- Grace based ministry. We had an animated discussion concerning how we can use a grace based approach in our ministry to people. One pastor was insisting that our chief responsibility is to point out to people their sins so that they repent and turn to Jesus. It was fascinating to see the group gather around this pastor, to help him come to understand a more grace based approach. It was beautiful to see this pastor (who sincerely wanted to understand) grow right before our eyes.
- The Lord’s Supper. On Sunday, I was asked to lead the group in communion, which I did. I commented that communion can be sober, however, it can also be joy filled. Communion is about us being one with the Father, Son and Spirit and about remembering that we are one together because of Jesus. I then led communion in a spirit of rejoicing and we ended with a shout of “Hallelujah.” There were many positive comments about seeing communion in a different light.
- Preaching. Because my sermon on Saturday included stories, I was asked how I come up with them. I told them I take stories from the Bible and my life experience – always to illustrate a key point in the sermon – relating it to real life. We discussed how Jesus taught using stories. I noted that the Bible is full of stories that we can use – in fact the Bible is God’s story, a story that, through Jesus, now includes us! And so we can use our life experiences to tell the story.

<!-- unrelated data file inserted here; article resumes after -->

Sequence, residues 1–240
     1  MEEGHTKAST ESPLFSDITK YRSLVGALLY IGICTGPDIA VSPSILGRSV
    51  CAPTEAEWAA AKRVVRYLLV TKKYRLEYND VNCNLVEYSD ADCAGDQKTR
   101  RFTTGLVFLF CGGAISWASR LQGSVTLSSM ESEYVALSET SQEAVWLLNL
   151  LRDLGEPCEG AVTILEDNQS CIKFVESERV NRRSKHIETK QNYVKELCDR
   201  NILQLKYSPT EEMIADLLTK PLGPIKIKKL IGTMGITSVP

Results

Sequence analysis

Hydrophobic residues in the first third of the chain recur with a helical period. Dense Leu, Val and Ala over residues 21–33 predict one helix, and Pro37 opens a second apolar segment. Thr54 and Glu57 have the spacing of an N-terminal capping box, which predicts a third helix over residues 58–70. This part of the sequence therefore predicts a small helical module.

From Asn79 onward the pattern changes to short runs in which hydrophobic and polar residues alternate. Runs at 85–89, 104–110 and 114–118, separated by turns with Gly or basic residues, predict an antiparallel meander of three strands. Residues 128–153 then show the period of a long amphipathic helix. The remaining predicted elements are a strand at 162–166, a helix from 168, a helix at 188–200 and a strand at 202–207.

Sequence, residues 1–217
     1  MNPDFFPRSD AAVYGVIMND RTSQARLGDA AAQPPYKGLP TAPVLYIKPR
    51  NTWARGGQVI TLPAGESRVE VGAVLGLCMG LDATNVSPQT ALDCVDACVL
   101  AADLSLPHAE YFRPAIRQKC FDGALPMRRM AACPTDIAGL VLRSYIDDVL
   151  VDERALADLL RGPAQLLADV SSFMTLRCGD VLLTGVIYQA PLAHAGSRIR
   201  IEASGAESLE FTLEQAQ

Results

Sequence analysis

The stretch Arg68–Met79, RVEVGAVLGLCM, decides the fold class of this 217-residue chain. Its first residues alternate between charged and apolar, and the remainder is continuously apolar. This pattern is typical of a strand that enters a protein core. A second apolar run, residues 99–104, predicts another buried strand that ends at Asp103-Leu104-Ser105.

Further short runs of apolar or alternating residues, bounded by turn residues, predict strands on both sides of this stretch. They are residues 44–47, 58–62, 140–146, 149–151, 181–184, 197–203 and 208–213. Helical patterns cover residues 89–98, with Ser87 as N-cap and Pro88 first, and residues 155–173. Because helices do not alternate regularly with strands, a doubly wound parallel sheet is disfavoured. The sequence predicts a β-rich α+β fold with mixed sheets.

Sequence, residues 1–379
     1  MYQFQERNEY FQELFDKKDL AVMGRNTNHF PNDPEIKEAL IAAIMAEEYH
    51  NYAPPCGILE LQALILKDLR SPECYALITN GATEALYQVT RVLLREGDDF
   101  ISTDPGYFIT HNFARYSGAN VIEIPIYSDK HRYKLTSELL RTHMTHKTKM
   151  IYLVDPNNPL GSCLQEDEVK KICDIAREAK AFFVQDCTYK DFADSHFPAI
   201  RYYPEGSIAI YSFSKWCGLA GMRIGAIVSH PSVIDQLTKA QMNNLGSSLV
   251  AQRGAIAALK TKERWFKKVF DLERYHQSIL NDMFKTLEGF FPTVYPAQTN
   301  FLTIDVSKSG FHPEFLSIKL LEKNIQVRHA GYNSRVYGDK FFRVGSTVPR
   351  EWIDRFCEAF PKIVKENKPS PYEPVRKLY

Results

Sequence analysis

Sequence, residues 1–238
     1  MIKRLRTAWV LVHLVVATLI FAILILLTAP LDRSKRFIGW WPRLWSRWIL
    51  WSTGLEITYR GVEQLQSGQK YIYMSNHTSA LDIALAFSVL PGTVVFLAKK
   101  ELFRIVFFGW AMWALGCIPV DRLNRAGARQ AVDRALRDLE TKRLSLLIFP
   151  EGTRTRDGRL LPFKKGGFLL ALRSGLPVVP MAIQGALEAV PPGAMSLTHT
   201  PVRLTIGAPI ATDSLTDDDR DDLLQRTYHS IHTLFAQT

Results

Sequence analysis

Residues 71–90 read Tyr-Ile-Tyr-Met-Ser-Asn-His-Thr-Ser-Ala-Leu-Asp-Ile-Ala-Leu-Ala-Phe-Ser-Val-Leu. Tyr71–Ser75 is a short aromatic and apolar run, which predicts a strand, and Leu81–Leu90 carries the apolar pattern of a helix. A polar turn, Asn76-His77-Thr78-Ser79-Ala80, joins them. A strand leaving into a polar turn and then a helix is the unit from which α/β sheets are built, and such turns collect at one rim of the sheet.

- Divorce and remarriage. It is common in their culture for a man to leave his wife to marry another, then not support the first wife and her children. Should this practice be allowed in the church? I shared that our responsibility is to teach about God’s love and forgiveness, not to condemn people in judgment. However, part of teaching about love is helping men understand that not supporting their wives and children is not showing love. This led to a discussion about men marrying girls as young as 14, and other related topics.
- Reaching the unchurched. A follow-up to the question about grace concerned how to reach unchurched people. We spent a lot of time talking about how we view the unchurched. We need to consider this before we talk about how to reach them. That discussion linked back to the sermon I gave about seeing people as God sees them and loving them because they are God’s beloved. This led to an animated conversation about being included and sharing the good news with others.
We discussed other topics including blessings and cursings. I ended by encouraging them to meet more regularly to let “iron sharpen iron” within their group of pastors. It was a profitable six hours – I felt like I was living in the time of the early church when Jesus told the disciples not to worry about what they were going to say, for the Holy Spirit would lead them. I had no way to prepare for this meeting, nevertheless, I felt that God used it to encourage, enlighten, comfort and uplift a group of dedicated servants of God.